A few weeks ago, I was sitting on a train on my way from my now-hometown of Baltimore to New York City to defend my master’s thesis at New York University and I looked around at the individuals that surrounded me. My eyes first landed on the man across the aisle reading the Economist. I could tell, by his impervious gaze, that he actually understood every concept he was reading. I was envious, I was impressed, I nodded my head approvingly. He was obviously heading into the city to take advantage of the rest of us that still haven’t quite figured out how to make the best of these hard economic times, or just life in general. Next to him was a woman who was pregnant and, well, to put it simply, flawless. She made pregnancy look effortless. Pregnancy is never supposed to look this great, I thought, but she owned it. Much like Tom Brady wearing UGGs—it doesn’t make sense, but somehow it just works. Next to me was my dear mother by my side as always. She was snapping pictures of me and beaming with pride as I headed to New York to defend my thesis, earn yet another degree, and finish something I had started three years prior. We were just basking in the moment, and celebrating all the way down the tracks.
For those of you who may not have picked up on it, I moved to New York right after law school to get my master’s degree at NYU (and, yes, I like school, thanks for asking). While residing in the East Village of Manhattan, I had the experience I think every twenty-something should have: I lived in an apartment so small I believe it was originally designed for gnomes; I lived off of soup and whatever protein bars happened to be on special that week; I had a “pet” mouse named Charlie; and I encountered some of the most extraordinarily interesting and brilliant people I will probably ever meet, so it was all worth it. I studied at NYU and for a year the little life I had made for myself in the big city made sense. The following fall I was diagnosed with breast cancer. Pump the brakes, WHAT!?!?
So, I moved home. I left New York in an abrupt way and headed back to Ohio where I was born. I moved back into the house I was raised in. My doctor initially suggested that school would need to be put on hold for the time being. I was adamant about staying in school during treatment. I wanted to complete my degree. He told me it was up to me, but after going through my mastectomy and the recovery that involved knowing that was just the beginning, I knew that I had no choice in the matter—school would have to be put on pause much like the rest of my life. My life was treatment. Treatment became my life.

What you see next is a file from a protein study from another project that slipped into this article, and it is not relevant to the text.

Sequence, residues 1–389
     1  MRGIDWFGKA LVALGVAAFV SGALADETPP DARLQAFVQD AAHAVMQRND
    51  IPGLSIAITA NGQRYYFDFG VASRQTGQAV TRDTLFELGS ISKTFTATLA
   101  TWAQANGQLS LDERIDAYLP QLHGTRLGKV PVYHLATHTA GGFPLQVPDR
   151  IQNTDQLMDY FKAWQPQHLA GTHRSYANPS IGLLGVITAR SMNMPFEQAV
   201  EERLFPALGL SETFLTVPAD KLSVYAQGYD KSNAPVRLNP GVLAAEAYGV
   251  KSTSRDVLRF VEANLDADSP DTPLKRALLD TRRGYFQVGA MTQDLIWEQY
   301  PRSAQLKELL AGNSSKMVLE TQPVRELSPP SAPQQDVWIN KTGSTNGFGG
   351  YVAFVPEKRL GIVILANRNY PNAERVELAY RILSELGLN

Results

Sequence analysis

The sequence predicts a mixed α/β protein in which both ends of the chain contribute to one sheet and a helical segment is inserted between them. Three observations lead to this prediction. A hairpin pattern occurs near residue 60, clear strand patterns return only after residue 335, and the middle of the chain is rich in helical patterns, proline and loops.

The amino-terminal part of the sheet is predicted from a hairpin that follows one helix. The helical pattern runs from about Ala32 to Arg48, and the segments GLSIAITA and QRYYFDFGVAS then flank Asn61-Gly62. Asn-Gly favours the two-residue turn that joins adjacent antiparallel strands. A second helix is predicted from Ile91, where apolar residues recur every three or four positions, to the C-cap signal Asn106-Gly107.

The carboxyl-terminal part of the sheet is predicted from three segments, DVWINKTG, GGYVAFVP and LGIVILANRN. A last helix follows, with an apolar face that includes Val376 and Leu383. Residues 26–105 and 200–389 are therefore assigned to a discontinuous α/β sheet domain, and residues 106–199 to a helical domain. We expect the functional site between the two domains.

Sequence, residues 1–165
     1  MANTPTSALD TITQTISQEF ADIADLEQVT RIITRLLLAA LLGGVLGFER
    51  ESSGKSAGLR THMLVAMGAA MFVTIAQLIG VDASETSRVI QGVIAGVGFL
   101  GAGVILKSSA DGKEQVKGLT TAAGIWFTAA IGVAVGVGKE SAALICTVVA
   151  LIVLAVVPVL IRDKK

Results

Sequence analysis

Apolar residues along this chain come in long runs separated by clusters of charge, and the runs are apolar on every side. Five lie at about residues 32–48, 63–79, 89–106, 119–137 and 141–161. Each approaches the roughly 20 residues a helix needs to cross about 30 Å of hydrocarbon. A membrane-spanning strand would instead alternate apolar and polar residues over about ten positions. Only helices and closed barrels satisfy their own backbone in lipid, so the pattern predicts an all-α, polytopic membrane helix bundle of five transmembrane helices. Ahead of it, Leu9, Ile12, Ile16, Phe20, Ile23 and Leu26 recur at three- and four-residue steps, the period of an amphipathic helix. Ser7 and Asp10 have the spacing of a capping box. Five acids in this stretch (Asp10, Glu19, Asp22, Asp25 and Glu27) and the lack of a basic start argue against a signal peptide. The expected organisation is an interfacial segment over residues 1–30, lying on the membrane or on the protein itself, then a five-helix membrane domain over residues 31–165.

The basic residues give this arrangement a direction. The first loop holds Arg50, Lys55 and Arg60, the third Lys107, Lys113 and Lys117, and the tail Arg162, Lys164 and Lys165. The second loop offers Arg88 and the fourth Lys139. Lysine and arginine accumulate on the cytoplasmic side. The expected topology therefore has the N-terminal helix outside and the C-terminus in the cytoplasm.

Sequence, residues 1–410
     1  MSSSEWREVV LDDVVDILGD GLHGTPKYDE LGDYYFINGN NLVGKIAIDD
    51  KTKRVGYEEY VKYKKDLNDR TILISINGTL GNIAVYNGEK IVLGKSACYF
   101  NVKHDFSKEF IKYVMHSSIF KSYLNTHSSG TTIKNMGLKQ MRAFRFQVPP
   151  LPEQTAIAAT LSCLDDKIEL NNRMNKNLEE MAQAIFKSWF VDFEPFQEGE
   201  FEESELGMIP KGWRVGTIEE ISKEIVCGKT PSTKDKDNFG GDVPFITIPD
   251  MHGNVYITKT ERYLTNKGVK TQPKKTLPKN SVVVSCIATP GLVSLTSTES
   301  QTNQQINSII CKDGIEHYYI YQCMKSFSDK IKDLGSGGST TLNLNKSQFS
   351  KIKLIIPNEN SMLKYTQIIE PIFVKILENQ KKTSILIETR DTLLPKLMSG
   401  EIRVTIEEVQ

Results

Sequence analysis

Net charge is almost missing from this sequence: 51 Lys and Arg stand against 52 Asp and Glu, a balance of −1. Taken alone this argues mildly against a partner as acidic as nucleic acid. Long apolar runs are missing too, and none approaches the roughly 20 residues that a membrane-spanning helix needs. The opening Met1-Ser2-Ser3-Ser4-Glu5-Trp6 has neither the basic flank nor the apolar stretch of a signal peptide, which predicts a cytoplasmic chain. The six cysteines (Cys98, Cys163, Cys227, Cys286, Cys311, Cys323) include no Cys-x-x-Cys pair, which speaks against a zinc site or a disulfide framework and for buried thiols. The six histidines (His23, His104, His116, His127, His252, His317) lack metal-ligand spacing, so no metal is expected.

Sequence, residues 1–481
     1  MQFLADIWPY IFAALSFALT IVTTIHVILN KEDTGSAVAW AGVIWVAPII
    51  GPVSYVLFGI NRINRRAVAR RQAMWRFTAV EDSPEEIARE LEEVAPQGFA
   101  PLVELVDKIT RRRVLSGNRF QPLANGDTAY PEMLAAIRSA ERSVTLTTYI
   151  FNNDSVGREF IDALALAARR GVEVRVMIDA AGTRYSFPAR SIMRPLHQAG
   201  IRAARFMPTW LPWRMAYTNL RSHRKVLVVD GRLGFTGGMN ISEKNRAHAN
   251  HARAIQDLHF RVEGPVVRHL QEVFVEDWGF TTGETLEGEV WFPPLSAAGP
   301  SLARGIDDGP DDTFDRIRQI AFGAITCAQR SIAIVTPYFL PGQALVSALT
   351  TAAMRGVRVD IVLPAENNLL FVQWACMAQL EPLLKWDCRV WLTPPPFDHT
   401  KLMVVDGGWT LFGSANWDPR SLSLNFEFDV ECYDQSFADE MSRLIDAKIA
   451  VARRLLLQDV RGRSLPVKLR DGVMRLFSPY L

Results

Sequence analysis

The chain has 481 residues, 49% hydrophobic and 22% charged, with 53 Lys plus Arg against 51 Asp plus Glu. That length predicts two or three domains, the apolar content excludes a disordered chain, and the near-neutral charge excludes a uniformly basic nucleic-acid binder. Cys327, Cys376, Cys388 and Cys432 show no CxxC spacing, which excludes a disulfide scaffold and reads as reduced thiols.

But, fast-forward to present day, and there I was. After being diagnosed with stage three breast cancer, after undergoing a mastectomy, after losing my hair, after accumulating the physical and emotional scars that cancer leaves behind, I was on this train back to New York City surrounded by all those “cancer-free” people I was so envious of while I was home last year, lying on the bathroom floor sick and tired of being so sick and tired.
During treatment I often thought of those lucky ones out there who were just going about their daily routine. The simple yet beautiful monotony of those repetitive days seemed so incredibly far beyond my reach. I wondered when commuting to work, or buying groceries, or planning things with my friends would ever become the norm again. Would I ever get to experience those things again? Those simple experiences that make up life seemed so inaccessible, but yet were all I wanted. The feeling I experienced in that moment, on that train surrounded by those people I longed to return to during treatment, realizing what I had conquered was completely overwhelming. I was finally back. I was FINALLY BACK on the other side. People didn’t see me as the cancer patient. People just saw me as some girl who voluntarily bobbed her hair who was scurrying around reading her thesis, developing and honing arguments. They could not see my scars; they did not know what I had been through. They did not know I took an extremely undesired break from life last year. For all they knew I had been on that train alongside them every day.